Frequently Asked

Questions

Business Office, Insurance and Records

  • What insurance plans does RAPA accept?

    Radiology Associates, PA, (RAPA) accepts all major insurance plans. Click here for a complete list of accepted insurance.

  • How can I pay my bill?

    We will be happy to bill your insurance company directly if you provide the correct billing information at the time of service. When you arrive at RAPA, we may ask to see your insurance identification card or ask additional questions about coverage. If you are covered by more than one insurance plan, please provide all appropriate information when you register. It is your responsibility to verify insurance coverage and benefits prior to obtaining services. In some cases, prior authorization is needed for testing. Please contact your insurance company and review any documentation they have provided you to assist with questions you have regarding your specific insurance coverage.

    See our Billing page for additional ways to pay your bill.

Computed Tomography (CT)

  • Why do I need to drink the (oral contrast) barium and have an injection (Intravenous Contrast) for the CT scan?

    Not all CT scans require oral and IV contrast. When it is required, the reasoning has to do with the structures of interest. Oral contrast allows the doctor (radiologist) to better visualize the bowel as separate from other structures present in the abdomen. This is very important when the complaints have to do with bowel related problems or if the abdominal complaints are non-specific, such as general pain or discomfort. The IV contrast agent is very helpful in evaluation of the solid organs (liver, spleen, pancreas, adrenal glands and kidneys). The radiologist looks to see how the organs respond to the contrast agents and are able to make accurate determinations of normal and abnormal enhancement patterns. These patterns of enhancement can reveal disease processes that cannot otherwise be detected. When abnormal masses are present, the radiologist can many times determine if the mass in benign (not cancer) or more worrisome for a cancer-like condition. Benign masses can be left alone or evaluated over time to show that they don’t change. The more worrisome enhancement patterns seen in some lesions (tumors) will often need to be biopsied.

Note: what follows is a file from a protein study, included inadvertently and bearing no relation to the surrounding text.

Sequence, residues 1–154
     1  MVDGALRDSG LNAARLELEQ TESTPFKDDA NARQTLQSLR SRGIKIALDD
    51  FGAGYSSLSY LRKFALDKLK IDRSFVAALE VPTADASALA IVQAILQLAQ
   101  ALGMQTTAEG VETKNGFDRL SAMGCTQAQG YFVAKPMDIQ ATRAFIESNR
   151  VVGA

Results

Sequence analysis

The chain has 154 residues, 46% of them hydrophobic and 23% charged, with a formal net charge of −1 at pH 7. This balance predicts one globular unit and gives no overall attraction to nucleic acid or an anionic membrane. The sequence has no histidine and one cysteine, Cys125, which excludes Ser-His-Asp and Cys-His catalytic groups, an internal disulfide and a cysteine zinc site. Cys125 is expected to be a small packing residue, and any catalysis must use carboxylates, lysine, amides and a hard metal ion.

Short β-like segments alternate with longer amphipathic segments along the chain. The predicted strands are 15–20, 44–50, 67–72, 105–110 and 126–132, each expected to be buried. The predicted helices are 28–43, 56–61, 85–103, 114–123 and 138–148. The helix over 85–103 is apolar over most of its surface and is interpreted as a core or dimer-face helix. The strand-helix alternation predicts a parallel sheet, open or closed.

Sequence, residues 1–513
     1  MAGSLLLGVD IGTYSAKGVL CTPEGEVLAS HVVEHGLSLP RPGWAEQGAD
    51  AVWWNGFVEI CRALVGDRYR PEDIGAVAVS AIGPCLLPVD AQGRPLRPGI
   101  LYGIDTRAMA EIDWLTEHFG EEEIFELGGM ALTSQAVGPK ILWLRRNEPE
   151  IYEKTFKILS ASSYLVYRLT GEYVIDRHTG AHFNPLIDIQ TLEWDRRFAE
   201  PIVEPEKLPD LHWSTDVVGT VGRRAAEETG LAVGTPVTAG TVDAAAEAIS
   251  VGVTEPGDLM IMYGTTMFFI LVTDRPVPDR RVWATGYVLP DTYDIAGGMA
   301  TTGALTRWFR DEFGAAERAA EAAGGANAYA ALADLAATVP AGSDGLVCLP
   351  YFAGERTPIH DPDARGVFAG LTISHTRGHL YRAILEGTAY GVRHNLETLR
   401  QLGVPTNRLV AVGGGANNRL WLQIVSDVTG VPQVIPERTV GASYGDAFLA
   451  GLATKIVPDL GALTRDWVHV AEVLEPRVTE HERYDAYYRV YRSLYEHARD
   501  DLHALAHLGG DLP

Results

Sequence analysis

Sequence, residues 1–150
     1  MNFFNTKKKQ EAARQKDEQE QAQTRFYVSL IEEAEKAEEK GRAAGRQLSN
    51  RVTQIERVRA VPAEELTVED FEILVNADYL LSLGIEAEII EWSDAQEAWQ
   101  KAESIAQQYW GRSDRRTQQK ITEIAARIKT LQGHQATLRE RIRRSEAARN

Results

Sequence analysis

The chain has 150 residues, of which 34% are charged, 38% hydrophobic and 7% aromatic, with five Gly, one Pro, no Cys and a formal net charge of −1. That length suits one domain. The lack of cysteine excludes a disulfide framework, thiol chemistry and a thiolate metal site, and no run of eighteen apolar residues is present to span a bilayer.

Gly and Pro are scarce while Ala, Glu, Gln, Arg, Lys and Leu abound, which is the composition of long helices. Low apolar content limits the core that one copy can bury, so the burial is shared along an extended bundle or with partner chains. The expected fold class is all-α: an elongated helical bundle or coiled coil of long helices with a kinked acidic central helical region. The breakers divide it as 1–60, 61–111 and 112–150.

• Are there side effects to drinking the barium?

    Any time that a substance is ingested, including some foods, there is a possibility that the substance will be disagreeable to the GI tract. This is no different when drinking the barium contrast. Most of the time, there is no side effect. Some people will experience nausea, some will experience nausea and diarrhea.

  • How long does it take to “flush the system” of the oral contrast (barium)?

    Any ingested liquid takes about 1 1/2 hours to pass from the stomach to the colon. Once the barium reaches the colon, times can vary, depending on the individual. in some cases, the barium is evacuated within a few hours, in most cases by the end of the day. Occasionally, it may persist in the bowel for 2 or three days. Generally, the patient has a good understanding of how their GI tract reacts to ingested substances, and for the oral contrast, it should be no different.

    The intravenous contrast in generally eliminated from the system within one or two hours by the kidneys. In some individuals, some of the contrast is eliminated by the liver, excreted into the bile.

Virtual Colonoscopy

  • Standard Colonoscopy vs.Virtual Colonoscopy

    A standard colonoscopy requires about 45 minutes for the procedure and up to an hour for recovery. Typically a sedative is given, so the patient must have someone drive them home, and the patient likely will miss an entire day of work.

    Virtual colonography is a test with about 5 minutes of discomfort and a half hour of recovery. The patient could return to work after the test.
    Virtual colonoscopy can also detect abnormalities located outside of the colon in which traditional colonoscopy cannot image.

  • What are the advantages of a Virtual Colonoscopy?